Catnip has been known to turn even the most placid and laziest of kitties into a crazy furball. If you’re wanting to bring out your cat’s playful side and keep them occupied, giving them one of the best catnip toys is a surefire way to keep your moggie amused for hours.
But is catnip bad for cats, or is this little herb harmless? Well, just like us humans and our favorite foods, it turns out that the answer may lie in one word: moderation.
The research crew over at Hill’s, makers of some of the best cat food, state that catnip is perfectly safe for most cats but encourage pet parents to educate themselves on the herb and monitor their cat for signs of poor tolerance.
With that in mind, let’s take a closer at all things catnip, so you know everything there is to know about the herb that sends cats to hyperactive heaven.
What is catnip?
Catnip, or nepeta cataria, is a perennial herb that closely resembles oregano when dried but is actually a member of the mint family. Originally found in Northern Africa and the Mediterranean, catnip is now found growing wild throughout Europe and North America.
With heart-shaped or triangular leaves and blooms of blue, white, pink, or lavender, catnip is rather pretty in appearance and easy to grow, even for the most novice of gardeners. If you decide to experiment with growing catnip at home, be sure to keep it out of reach of your fur pal’s paws as otherwise, you may find it gets gobbled up rather quickly!
Why do cats love it so much?
So, what exactly is it about this seemingly ordinary herb that’s so captivating? The active ingredient in catnip is a compound called nepetalactone, an essential oil that is thought to mimic feline pheromones, which causes cats to become excited. Nepetalactone binds itself to the receptors inside a cat’s nose, stimulating the neurons that lead to their brain.
Catnip acts as a mood enhancer for most cats, but the form it comes in can impact the type of response.
How will catnip affect your cat?
Sniffing catnip tends to have a stimulant effect, in much the same way that sniffing rosemary, coffee beans, or citrus has in humans. However, when catnip is ingested it usually acts as a relaxant, like chamomile, making cats feel chilled and sleepy.
When a cat smells catnip they start to mimic the same sort of behavior that female cats in heat display. This can involve purring, meowing, rolling on the ground, zipping about, and drooling. If you notice your kitty trying to swat or chase things that aren’t there, that’s because catnip is known to have the same effect that hallucinogenic drugs have on humans.
While most moggies go mad for catnip, some may exhibit mild aggression and growling behaviors. This is something to watch out for if you have a multi-cat household. If you try your cats on catnip and notice them displaying negative behaviors, we recommend you stop giving it to them and speak to your veterinarian who can advise you on other options, such as valerian.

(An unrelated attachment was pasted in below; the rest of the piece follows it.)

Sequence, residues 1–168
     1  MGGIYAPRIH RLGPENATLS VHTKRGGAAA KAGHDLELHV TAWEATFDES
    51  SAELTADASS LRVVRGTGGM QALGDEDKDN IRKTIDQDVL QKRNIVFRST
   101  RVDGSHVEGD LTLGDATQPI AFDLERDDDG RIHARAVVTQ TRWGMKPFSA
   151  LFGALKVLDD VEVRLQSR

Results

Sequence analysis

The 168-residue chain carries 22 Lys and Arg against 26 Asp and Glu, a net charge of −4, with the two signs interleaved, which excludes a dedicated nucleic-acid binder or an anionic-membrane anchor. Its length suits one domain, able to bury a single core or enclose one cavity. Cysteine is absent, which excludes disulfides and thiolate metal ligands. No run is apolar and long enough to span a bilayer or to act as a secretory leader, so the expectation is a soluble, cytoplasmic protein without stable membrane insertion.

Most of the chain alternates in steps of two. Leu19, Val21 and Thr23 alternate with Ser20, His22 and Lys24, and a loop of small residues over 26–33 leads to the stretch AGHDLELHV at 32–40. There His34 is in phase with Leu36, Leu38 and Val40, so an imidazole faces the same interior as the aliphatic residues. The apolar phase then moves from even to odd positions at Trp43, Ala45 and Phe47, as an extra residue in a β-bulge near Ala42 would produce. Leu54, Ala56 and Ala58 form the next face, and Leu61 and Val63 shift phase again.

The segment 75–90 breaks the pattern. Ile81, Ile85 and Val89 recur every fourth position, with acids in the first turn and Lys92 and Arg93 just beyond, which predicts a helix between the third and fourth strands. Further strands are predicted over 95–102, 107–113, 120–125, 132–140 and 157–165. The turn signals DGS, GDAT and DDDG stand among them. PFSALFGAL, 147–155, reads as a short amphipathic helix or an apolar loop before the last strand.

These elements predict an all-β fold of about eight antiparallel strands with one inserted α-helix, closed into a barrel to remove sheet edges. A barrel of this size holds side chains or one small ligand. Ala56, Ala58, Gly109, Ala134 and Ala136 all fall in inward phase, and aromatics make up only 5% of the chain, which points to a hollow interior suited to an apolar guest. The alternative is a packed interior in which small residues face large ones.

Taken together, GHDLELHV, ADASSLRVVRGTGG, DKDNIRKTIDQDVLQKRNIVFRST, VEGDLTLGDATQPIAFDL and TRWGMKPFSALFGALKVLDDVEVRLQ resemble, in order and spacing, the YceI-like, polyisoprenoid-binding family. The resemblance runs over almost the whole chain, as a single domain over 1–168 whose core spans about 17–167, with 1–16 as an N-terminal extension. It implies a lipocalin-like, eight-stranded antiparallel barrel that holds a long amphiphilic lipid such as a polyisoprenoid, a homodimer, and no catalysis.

The good news is that the effects of catnip are short and sweet, lasting for just 5 to 15 minutes, and once they wear off, it’ll take a few hours before your kitty can go catnip crazy again.
What are the benefits of catnip?
Believe it or not, catnip isn’t just a fun treat, giving it to your cat can also be beneficial. Catnip can be a great way to train your kitten or cat in appropriate indoor behavior, including teaching them to use a scratching post instead of clawing at your furniture. Some of the best cat scratching posts come with a bag of catnip that you can sprinkle around the base to lure your kitty in.
It’s also the perfect solution for sedentary cats as it can boost their activity levels and get them engaged in some easy exercise that will benefit their bones, muscles, and joints - not to mention their waistline!
If you have a cat that hates going to the vet, take advantage of the relaxant effect of infused catnip to help calm them down. Soup for cats is a fairly new phenomenon, and while it may sound labor-intensive, catnip soup is quick and easy to make, and the mild sedative effect can make those vet visits a little easier to manage.
Potential side effects
There’s no evidence that catnip is bad for cats, but there are a few side effects that are worth keeping an eye out for.
In small to moderate doses, catnip is likely to be a purely pleasurable experience for most cats, but if your kitty hits the catnip buffet and devours too much of the stuff in fresh or dried form, they can end up with an upset tummy. This can lead to vomiting, diarrhea, and a general feeling of being unwell. Thankfully, cats are expert self-regulators so overdosing on catnip is pretty rare.
What’s more common is cats injuring themselves while they’re bouncing around the room on a catnip high, so it can be a good idea to keep an eye on them just to be safe.
Kathryn is a freelance writer with a passion for creating health and wellness, travel and wildlife content. Originally from New Zealand, her nomadic lifestyle has her currently fur baby-less. She scratches her pet parent itch by stealing frequent cuddles with any neighbourhood cat kind enough to indulge her.
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